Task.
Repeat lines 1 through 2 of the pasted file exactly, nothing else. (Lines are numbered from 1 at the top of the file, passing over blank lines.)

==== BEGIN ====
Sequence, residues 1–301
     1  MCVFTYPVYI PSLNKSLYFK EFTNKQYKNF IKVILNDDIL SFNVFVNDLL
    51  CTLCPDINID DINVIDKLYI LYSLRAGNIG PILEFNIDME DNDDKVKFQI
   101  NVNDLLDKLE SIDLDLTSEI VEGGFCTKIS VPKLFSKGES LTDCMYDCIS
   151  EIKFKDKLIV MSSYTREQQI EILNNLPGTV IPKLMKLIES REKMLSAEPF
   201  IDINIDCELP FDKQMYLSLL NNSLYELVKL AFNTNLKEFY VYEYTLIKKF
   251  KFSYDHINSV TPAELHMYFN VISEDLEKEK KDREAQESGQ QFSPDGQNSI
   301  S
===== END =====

Sequence, residues 1–301
     1  MCVFTYPVYI PSLNKSLYFK EFTNKQYKNF IKVILNDDIL SFNVFVNDLL